Two trends I have noticed in undergraduate short stories.
• The office is the new courtroom. AND OR, the office is the new unhappy suburban home. TBD.
• Oscar Wao is the new Holden Caulfield.
Both these developments cheer me.
The office-as-setting is no less inspired by television and movies than the courtroom, and just as vulnerable to familiar tropes and cliches, but at least there's a significantly better chance the writer has actually spent time in one. (And no "you can't handle the truth!" moments.) I am also noticing a marked drop in unhappy-married-people-in-the-suburbs stories, and I wonder if the office is also the new unhappy home, the locus of thwarted ambitions and entrapment and mortal dread. Prickly exchanges have moved from the kitchen table to the break room table, the loneliness-in-company of the bedroom transferred to the loneliness-in-company of the cubicle.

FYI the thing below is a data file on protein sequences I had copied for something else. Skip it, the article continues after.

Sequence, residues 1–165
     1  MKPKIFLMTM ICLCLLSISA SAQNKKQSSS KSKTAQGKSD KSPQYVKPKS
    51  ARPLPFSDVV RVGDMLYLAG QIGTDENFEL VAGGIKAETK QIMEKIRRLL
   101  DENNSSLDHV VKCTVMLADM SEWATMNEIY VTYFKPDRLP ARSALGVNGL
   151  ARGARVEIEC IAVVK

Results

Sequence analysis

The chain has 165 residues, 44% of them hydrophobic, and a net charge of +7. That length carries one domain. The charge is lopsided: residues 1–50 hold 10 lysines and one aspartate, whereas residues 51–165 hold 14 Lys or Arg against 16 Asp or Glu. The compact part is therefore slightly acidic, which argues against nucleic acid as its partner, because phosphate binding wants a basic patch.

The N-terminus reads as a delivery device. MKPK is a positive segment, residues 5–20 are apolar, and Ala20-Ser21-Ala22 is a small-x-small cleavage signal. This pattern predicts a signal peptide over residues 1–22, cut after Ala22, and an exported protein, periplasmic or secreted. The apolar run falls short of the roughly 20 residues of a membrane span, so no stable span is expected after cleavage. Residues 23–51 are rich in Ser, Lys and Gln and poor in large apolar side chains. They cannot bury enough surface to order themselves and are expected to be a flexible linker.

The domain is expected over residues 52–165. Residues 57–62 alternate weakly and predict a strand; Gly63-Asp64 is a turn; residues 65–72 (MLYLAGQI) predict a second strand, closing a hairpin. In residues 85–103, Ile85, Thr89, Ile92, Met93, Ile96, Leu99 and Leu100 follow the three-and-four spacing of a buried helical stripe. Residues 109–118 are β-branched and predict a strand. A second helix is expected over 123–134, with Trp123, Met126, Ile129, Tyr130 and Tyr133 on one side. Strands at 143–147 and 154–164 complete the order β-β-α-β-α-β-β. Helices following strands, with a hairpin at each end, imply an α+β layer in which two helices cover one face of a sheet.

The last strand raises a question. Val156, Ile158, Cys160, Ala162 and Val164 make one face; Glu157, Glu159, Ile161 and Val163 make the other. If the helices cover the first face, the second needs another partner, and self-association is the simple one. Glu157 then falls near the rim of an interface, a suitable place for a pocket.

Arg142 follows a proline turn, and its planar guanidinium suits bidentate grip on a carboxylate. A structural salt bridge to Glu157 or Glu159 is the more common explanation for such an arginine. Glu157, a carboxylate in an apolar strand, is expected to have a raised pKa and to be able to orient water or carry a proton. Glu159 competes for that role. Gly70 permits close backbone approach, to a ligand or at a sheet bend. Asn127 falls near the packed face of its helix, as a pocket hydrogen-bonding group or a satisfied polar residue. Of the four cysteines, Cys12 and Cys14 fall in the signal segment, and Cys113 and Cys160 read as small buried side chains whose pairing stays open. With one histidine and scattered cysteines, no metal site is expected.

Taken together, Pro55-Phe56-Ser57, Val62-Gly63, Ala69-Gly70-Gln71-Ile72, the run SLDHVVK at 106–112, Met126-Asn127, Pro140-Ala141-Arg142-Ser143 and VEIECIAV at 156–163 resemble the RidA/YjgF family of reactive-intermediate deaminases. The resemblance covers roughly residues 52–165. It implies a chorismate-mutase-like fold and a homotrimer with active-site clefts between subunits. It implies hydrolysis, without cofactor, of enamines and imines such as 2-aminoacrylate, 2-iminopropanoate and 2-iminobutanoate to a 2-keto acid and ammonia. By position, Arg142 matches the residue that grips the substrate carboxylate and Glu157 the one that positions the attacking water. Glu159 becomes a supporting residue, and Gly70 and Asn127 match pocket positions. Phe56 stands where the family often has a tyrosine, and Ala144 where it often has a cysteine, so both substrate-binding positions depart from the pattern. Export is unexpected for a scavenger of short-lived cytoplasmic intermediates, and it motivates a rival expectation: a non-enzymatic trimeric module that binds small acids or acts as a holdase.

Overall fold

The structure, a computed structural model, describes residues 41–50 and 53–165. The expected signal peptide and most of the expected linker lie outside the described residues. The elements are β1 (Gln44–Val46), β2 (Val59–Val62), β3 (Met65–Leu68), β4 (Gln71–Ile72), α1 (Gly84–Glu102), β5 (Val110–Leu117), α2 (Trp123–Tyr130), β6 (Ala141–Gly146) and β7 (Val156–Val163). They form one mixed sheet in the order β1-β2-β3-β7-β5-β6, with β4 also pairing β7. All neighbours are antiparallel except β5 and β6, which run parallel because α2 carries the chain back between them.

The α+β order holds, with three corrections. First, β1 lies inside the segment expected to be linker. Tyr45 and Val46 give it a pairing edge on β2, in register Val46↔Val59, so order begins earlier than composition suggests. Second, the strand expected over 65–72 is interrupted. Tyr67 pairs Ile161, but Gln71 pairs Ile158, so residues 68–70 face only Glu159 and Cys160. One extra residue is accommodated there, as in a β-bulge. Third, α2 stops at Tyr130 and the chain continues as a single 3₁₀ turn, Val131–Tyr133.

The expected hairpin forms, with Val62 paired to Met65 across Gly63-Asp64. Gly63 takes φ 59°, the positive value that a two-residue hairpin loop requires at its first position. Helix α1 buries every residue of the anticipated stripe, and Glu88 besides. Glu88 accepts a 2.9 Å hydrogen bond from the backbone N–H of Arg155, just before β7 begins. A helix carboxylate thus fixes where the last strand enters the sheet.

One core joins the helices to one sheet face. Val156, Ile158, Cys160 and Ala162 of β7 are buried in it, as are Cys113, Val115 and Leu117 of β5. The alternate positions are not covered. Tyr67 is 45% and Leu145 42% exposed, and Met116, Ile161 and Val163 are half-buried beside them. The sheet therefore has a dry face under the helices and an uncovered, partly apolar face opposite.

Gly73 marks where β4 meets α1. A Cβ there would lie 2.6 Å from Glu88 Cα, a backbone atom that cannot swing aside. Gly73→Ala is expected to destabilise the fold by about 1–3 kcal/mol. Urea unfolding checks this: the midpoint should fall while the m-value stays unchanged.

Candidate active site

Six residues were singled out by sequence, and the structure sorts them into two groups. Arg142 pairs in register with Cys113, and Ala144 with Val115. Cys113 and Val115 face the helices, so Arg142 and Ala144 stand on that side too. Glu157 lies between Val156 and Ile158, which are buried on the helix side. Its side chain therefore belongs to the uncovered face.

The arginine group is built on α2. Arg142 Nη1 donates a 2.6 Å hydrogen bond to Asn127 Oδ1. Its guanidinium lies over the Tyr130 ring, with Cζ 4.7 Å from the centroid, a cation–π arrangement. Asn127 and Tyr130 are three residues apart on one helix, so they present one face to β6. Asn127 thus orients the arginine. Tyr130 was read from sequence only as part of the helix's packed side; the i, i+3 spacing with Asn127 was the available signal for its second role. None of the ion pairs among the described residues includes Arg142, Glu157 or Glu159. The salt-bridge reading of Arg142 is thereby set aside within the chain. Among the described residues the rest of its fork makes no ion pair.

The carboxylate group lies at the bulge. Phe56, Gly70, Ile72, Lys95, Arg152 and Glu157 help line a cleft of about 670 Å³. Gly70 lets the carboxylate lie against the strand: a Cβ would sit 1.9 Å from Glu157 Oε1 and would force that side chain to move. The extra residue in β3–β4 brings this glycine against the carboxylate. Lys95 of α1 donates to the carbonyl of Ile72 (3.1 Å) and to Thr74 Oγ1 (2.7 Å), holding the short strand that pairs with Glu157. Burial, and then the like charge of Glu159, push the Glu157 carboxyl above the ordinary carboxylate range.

Re: Caulfield vs. Wao, I think it's high time for the know-it-all prep-schooler to clear some space for the persecuted-yet-indomitable, longing, lovable geek. Is this another ripple of the Obama effect? Either way, I'm down.